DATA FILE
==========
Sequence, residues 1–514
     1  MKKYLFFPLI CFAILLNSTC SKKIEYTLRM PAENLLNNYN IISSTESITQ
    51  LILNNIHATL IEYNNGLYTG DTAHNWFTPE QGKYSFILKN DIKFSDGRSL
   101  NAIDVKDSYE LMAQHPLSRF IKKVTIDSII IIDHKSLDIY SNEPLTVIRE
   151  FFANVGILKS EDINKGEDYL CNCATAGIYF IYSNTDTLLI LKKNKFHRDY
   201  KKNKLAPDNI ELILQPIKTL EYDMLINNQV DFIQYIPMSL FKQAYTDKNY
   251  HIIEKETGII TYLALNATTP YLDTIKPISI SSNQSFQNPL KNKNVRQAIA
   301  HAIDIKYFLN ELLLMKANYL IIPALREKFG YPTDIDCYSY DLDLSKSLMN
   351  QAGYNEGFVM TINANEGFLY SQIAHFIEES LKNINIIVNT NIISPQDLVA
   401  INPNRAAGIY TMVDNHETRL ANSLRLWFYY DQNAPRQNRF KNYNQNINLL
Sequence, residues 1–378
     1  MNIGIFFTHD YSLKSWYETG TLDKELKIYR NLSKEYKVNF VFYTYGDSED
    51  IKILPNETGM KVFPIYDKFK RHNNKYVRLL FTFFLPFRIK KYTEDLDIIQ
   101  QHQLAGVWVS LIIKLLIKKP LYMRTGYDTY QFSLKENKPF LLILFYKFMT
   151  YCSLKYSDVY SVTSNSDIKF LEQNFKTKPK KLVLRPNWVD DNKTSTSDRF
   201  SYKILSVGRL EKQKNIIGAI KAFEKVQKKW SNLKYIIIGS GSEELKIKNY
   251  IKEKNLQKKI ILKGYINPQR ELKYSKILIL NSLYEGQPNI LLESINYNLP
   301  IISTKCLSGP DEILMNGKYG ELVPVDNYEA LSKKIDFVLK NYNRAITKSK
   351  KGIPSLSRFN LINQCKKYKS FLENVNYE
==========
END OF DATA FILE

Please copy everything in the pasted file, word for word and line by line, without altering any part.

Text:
Sequence, residues 1–514
     1  MKKYLFFPLI CFAILLNSTC SKKIEYTLRM PAENLLNNYN IISSTESITQ
    51  LILNNIHATL IEYNNGLYTG DTAHNWFTPE QGKYSFILKN DIKFSDGRSL
   101  NAIDVKDSYE LMAQHPLSRF IKKVTIDSII IIDHKSLDIY SNEPLTVIRE
   151  FFANVGILKS EDINKGEDYL CNCATAGIYF IYSNTDTLLI LKKNKFHRDY
   201  KKNKLAPDNI ELILQPIKTL EYDMLINNQV DFIQYIPMSL FKQAYTDKNY
   251  HIIEKETGII TYLALNATTP YLDTIKPISI SSNQSFQNPL KNKNVRQAIA
   301  HAIDIKYFLN ELLLMKANYL IIPALREKFG YPTDIDCYSY DLDLSKSLMN
   351  QAGYNEGFVM TINANEGFLY SQIAHFIEES LKNINIIVNT NIISPQDLVA
   401  INPNRAAGIY TMVDNHETRL ANSLRLWFYY DQNAPRQNRF KNYNQNINLL
Sequence, residues 1–378
     1  MNIGIFFTHD YSLKSWYETG TLDKELKIYR NLSKEYKVNF VFYTYGDSED
    51  IKILPNETGM KVFPIYDKFK RHNNKYVRLL FTFFLPFRIK KYTEDLDIIQ
   101  QHQLAGVWVS LIIKLLIKKP LYMRTGYDTY QFSLKENKPF LLILFYKFMT
   151  YCSLKYSDVY SVTSNSDIKF LEQNFKTKPK KLVLRPNWVD DNKTSTSDRF
   201  SYKILSVGRL EKQKNIIGAI KAFEKVQKKW SNLKYIIIGS GSEELKIKNY
   251  IKEKNLQKKI ILKGYINPQR ELKYSKILIL NSLYEGQPNI LLESINYNLP
   301  IISTKCLSGP DEILMNGKYG ELVPVDNYEA LSKKIDFVLK NYNRAITKSK
   351  KGIPSLSRFN LINQCKKYKS FLENVNYE